You Get One Hour And That’s All

No, this isn’t a pay-per-view site with kitten videos…

I am at the computer desk for one hour while a coat of spray varnish dries on a model airplane. I’ve learned that it is dangerous to be in the workshop while paint dries as I eventually touch it to see if it is dry and it isn’t. See? Even perfect characters have flaws…

I think the one-hour rule would be good in many aspects of life. Meals, for instance – if you are going to dawdle for several hours either you are going to eat and drink too much or whatever it is you are pushing round the plate is not worth the time. And timing is everything.

Sex? Well, decide that one for yourself, but consult your partner about the issue. 60 minutes for a 63 -minute person is a bad time to quit.

Reading? Well, you might stretch a bit further if it’s a 19th century French novel with heaving bosoms and creaking bedsprings, but technical journals and political columns can definitely be limited to an hour.

Gardening? Oh, that one could definitely stop at an hour. But one always seems to be in the middle of a rose bush with secaturs – bleeding – doesn’t one? In the end you are not so much pruning as cutting yourself free.

Driving? Yes. Stop the car. Get out and either pee, puke, or purchase petrol. Reset the mechanism.

Television? Set aside an hour a day to watch television. Then don’t. Read a book.

Exercise? If you can sprint on a treadmill or do push-ups for a solid hour – and wish to do this –  there is nothing I can say to you that you can hear.

Hobby work? A fair call. I’m waiting out a coat of varnish so that it can be smoother. if I had a spray room with a door sealing it, I could carry on with some other modelling task while I was waiting.

Photography? An hour in a studio with a glamour model is a short time. With a family of unhappy portrait customers it is an eternity.




The Little World – The Chef’s Knife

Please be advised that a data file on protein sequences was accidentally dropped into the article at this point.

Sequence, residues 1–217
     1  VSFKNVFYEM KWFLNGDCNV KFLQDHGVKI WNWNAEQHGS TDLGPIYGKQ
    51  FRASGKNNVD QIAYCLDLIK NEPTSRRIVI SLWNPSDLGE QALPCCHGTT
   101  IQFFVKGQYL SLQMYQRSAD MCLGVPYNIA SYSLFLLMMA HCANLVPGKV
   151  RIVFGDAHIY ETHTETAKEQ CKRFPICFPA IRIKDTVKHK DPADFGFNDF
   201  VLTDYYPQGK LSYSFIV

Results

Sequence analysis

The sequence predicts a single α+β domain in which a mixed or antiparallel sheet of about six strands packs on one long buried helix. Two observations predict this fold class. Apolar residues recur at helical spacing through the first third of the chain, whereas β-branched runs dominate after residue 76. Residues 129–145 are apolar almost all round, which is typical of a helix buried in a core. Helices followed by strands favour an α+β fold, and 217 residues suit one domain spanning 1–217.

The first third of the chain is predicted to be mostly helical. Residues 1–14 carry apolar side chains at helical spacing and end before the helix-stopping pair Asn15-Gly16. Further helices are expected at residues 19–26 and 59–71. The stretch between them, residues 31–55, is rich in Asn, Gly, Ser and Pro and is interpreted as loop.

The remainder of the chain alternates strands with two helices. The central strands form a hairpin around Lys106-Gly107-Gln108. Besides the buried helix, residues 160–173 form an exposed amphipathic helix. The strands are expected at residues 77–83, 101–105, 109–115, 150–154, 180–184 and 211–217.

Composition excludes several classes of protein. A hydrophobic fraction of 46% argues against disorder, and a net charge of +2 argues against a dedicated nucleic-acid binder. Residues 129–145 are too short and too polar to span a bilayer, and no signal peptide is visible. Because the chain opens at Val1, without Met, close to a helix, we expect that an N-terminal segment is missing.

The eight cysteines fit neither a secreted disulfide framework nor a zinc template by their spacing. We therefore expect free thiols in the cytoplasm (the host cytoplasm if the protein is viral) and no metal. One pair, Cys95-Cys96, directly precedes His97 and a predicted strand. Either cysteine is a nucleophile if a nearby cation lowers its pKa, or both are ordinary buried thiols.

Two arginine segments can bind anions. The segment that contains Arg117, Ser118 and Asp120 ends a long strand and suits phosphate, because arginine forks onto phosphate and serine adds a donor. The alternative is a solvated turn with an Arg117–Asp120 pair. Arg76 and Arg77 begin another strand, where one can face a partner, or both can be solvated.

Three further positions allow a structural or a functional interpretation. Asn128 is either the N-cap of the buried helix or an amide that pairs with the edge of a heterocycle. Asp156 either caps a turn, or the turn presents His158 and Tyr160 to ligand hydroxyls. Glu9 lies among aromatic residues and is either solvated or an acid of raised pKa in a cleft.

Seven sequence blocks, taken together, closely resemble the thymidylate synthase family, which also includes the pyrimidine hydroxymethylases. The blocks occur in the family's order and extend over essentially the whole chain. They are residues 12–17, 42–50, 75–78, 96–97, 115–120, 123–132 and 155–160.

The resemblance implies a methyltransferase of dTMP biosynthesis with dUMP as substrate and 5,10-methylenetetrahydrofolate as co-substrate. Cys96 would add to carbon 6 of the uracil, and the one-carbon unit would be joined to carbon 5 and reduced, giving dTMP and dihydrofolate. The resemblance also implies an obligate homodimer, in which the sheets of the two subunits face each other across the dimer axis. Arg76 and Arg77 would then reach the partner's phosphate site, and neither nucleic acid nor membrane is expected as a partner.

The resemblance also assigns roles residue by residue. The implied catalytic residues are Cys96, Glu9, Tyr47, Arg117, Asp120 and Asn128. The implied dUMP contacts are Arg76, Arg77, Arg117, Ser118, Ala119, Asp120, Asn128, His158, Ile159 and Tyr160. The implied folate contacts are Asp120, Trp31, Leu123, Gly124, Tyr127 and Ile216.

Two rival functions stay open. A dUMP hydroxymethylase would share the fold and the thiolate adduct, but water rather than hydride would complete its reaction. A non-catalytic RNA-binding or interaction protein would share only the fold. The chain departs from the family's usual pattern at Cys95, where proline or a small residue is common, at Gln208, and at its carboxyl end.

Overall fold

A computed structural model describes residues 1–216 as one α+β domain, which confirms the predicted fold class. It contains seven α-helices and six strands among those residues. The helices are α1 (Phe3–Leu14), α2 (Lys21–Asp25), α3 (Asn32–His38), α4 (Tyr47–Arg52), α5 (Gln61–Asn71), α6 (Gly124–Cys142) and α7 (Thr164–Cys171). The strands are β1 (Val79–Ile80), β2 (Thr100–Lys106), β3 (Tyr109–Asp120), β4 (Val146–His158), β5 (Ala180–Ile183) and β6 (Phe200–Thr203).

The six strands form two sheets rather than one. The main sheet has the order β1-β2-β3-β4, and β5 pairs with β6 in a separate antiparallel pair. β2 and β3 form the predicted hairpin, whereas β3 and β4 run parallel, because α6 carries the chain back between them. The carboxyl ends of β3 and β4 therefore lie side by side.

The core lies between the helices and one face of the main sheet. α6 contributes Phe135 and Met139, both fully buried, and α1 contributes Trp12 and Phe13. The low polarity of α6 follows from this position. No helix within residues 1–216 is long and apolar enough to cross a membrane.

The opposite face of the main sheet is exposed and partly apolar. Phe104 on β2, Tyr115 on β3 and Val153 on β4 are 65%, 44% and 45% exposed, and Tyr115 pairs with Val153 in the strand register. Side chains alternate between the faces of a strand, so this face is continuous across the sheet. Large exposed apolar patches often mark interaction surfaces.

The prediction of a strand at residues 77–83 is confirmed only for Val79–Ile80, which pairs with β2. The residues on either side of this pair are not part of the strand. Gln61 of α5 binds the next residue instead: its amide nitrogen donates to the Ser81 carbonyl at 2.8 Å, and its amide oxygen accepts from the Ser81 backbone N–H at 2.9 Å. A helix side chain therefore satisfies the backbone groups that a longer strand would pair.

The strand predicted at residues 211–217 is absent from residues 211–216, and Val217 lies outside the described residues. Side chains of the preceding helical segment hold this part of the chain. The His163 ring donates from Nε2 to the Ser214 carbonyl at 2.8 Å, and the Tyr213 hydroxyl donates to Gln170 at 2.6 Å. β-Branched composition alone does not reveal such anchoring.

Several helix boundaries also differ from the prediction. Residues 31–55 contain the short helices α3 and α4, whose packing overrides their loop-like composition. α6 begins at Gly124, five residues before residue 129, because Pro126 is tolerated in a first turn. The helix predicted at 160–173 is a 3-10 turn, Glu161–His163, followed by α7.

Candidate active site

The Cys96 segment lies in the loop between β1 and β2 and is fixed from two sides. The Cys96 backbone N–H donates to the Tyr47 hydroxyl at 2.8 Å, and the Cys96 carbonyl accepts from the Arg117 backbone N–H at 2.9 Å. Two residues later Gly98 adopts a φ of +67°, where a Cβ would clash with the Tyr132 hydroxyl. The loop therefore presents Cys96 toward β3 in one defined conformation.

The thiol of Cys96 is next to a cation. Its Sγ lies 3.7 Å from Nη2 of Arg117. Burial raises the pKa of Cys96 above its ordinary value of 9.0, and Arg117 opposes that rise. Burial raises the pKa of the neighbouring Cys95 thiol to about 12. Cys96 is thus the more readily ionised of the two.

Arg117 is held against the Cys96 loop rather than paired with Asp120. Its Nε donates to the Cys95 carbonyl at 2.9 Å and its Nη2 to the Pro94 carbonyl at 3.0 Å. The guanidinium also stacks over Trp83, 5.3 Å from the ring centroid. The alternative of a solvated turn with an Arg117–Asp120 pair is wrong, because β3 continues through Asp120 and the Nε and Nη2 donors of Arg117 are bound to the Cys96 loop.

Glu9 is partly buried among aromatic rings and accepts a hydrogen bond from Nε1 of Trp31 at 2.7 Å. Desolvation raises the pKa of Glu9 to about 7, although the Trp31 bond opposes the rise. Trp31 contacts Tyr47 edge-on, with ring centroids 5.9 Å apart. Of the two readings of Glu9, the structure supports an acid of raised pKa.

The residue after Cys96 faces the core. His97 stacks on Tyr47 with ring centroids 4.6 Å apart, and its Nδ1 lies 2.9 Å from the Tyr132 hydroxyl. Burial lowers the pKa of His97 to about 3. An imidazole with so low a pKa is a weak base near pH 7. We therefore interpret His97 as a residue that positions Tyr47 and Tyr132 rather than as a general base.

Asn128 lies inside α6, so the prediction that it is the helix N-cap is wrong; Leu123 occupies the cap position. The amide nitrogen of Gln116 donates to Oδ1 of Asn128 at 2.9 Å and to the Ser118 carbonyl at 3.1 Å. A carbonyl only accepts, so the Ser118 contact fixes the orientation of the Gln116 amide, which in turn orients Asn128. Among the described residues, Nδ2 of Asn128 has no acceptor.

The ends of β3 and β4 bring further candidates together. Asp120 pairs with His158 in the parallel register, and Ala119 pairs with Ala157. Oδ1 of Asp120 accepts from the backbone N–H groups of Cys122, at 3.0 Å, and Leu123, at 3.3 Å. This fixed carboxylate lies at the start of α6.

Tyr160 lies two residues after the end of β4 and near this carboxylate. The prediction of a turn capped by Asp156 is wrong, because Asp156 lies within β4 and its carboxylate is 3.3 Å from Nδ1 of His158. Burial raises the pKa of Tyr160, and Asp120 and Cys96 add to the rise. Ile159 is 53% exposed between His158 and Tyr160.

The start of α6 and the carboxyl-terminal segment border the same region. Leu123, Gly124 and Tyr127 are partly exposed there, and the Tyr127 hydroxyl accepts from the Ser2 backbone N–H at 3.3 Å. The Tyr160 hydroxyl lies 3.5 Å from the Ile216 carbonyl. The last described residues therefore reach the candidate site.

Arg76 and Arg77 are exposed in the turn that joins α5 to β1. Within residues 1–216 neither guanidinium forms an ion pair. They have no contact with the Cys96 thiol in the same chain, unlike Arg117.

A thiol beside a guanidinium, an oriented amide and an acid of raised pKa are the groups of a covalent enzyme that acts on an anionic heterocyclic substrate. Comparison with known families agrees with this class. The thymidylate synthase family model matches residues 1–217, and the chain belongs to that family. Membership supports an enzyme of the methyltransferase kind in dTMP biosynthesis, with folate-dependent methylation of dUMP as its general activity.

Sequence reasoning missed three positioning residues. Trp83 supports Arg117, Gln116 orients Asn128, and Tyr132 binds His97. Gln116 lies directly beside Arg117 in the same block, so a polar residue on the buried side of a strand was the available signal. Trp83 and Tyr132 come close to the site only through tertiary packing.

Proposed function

I am always fascinated with the fancy kitchen sections of the local Myers and David Jones stores. All those implements! All those pots and pans! All those knives! It makes the kitchen drawer at our place look like a scrap heap.

The fascination continues when I see professional chefs whacking away at the raw ingredients on the television cooking shows – or setting out to work on restaurant kitchens. The preparation of their knives, with the hours of sharpening and honing…It amazes me to see that much effort being put into something that very quickly becomes as blunt as it was before it all started. I used to cut meat with knives – human meat, with tiny little knives – and when I was worried about whether it was becoming dull, I just took out the blade and slotted another one in there. The chief trick was not to stick it in the nurse as I did so.

Operating theatres and professional kitchens must be on another planet, if the circumstances of the average home workshop are taken into account. If you are a modeller I would be willing to bet that you can sit at the workbench, stretch out your hand, and find:

a. An Exacto, Stanley, or Excel knife. It will have a blade that is still good for a few more cuts…even if you have been peeling the armour belt off a battleship. There will be a packet of spare blades in the tool cabinet but they will be going slightly rusty from not being used.

b. A chisel-like object. I have no idea what it started life as – a teaspoon – a ruler – a Barbie doll – whatever. It has now been sharpened to a fare-thee-well and is used as a chisel. Not well, mind…not efficiently…but it has the ideal shape to get in and horse out whatever will not yield to the Exacto knife. At some stage of the game this chisel has gone into your hand.

c. A drill that does not work. It might be an electic drill with a bad cord or a yankee drill with a bent spiral. Occasionally it is a perfectly functioning pin drill that has never actually gone through anything in its existence  – but looks so cool that you keep it.

d. Five paint brushes. One too good to use, one quite good, one acceptable, one slightly damaged, and one that is horrible.

e. A ruler with many of the markings worn off.

f. A pair of pliers that pinches the fold of skin between your thumb and fingers every damned time you use it, no matter in what position you hold it.

g. A pencil that is about 3 inches long. It never gets any shorter, no matter how much you sharpen it, and you cannot remember it ever being any longer than 3 inches. Quite possibly it was used to write the Bible.

h. The Thing. It may have been a marlin spike from a clipper ship. Or a fuel rod from a reactor. Or the last remains of the USS MAINE. Whatever it started life as, it is now the Thing, and it is used to Do Stuff. Weird stuff like drift wheels off axles or remove ear tags or evert the insides of stuffed toy Koalas for sewing. There is no way of knowing what it can do or when you will need it, so keep it close.

Of course this list says nothing about the tools we find that we absolutely need at Bunnings, nor the useless junk that other people waste their money on when they go to the same store. Or the siren call of the used-tool hawker at the markets. These mechanical schmatter merchants know us better than we know ourselves.